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Pharmacological inhibition of the chemokine CCL2 (MCP-1) diminishes liver macrophage infiltration and steatohepatitis in chronic hepatic injury
  1. Christer Baeck1,
  2. Alexander Wehr1,
  3. Karlin Raja Karlmark1,
  4. Felix Heymann1,
  5. Mihael Vucur1,
  6. Nikolaus Gassler2,
  7. Sebastian Huss3,
  8. Sven Klussmann4,
  9. Dirk Eulberg4,
  10. Tom Luedde1,
  11. Christian Trautwein1,
  12. Frank Tacke1
  1. 1Department of Medicine III, University Hospital Aachen, Aachen, Germany
  2. 2Institute of Pathology, University Hospital Aachen, Aachen, Germany
  3. 3Institute of Pathology, University Bonn, Bonn, Germany
  4. 4NOXXON Pharma AG, Berlin, Germany
  1. Correspondence to Frank Tacke, Department of Medicine III, University Hospital Aachen, Pauwelsstrasse 30, D-52074 Aachen, Germany; frank.tacke{at}gmx.net

Abstract

Objective Monocyte chemoattractant protein-1 (MCP-1, CCL2), the primary ligand for chemokine receptor C–C chemokine receptor 2 (CCR2), is increased in livers of patients with non-alcoholic steatohepatitis (NASH) and murine models of steatohepatitis and fibrosis. It was recently shown that monocyte/macrophage infiltration into the liver upon injury is critically regulated by the CCL2/CCR2 axis and is functionally important for perpetuating hepatic inflammation and fibrogenesis. The structured L-enantiomeric RNA oligonucleotide mNOX-E36 (a so-called Spiegelmer) potently binds and inhibits murine MCP-1. Pharmacological inhibition of MCP-1 with mNOX-E36 was investigated in two murine models of chronic liver diseases.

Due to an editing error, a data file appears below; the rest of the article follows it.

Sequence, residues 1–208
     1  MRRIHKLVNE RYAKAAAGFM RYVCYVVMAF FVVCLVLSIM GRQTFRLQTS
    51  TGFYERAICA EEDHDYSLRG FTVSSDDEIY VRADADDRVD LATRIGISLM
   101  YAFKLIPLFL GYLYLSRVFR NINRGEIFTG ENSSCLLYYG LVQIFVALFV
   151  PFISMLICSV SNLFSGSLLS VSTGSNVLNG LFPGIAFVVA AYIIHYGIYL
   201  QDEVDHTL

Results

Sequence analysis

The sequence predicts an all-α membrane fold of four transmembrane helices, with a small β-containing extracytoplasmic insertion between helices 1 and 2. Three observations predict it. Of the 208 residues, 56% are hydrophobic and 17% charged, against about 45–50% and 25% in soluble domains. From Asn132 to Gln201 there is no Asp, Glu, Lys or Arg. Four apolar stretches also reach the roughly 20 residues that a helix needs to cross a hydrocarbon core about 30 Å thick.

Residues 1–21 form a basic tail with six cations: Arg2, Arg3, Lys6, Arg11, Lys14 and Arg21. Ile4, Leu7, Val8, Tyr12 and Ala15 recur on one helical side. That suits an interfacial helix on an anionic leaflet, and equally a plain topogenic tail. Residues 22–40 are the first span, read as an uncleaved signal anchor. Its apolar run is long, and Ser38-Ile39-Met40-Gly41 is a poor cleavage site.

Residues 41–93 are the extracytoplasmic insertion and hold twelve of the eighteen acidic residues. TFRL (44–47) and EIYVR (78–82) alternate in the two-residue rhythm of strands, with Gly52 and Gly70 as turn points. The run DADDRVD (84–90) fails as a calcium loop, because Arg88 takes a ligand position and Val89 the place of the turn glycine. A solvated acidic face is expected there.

Methods Pharmacological inhibition of MCP-1 by thrice-weekly mNOX-E36 subcutaneously was tested in murine models of acute or chronic carbon tetrachloride (CCl4)- and methionine–choline-deficient (MCD) diet-induced chronic hepatic injury in vivo.

Results Antagonising MCP-1 by mNOX-E36 efficiently inhibited murine monocyte chemotaxis in vitro as well as migration of Gr1+ (Ly6C+) blood monocytes into the liver upon acute toxic injury in vivo. In murine models of CCl4- and MCD diet-induced hepatic injury, the infiltration of macrophages into the liver was significantly decreased in anti-MCP-1-treated mice as found by fluorescence-activated cell sorting (FACS) analysis and immunohistochemistry. In line with lower levels of intrahepatic macrophages, proinflammatory cytokines (tumour necrosis factor α, interferon γ and interleukin 6) were significantly reduced in liver tissue. Overall fibrosis progression over 6 (CCl4) or 8 weeks (MCD diet) was not significantly altered by anti-MCP-1 treatment. However, upon MCD diet challenge a lower level of fatty liver degeneration (histology score, Oil red O staining, hepatic triglyceride content, lipogenesis genes) was detected in mNOX-E36-treated animals. mNOX-E36 also ameliorated hepatic steatosis upon therapeutic administration.

Conclusions These results demonstrate the successful pharmacological inhibition of hepatic monocyte/macrophage infiltration by blocking MCP-1 during chronic liver damage in two in vivo models. The associated ameliorated steatosis development suggests that inhibition of MCP-1 is an interesting novel approach for pharmacological treatment in liver inflammation and steatohepatitis.

  • Monocyte
  • Kupffer cell
  • chemokine
  • monocyte chemoattractant protein-1
  • liver cirrhosis
  • NASH
  • liver immunology
  • cancer genetics
  • cell death
  • chronic liver disease
  • liver
  • hepatocyte
  • macrophages
  • IL-6
  • hepatitis C

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Footnotes

  • Funding This work was supported by the German Research Foundation (DFG Ta434/2-1 to FT, SFB/TRR 57) and funding from NOXXON (Berlin, Germany). DE and SK are employees of NOXXON. The funders were not involved in data analysis or interpretation.

  • Competing interests DE and SK are employees of NOXXON Pharma AG who provided part of the funding for this study.

  • Provenance and peer review Not commissioned; externally peer reviewed.

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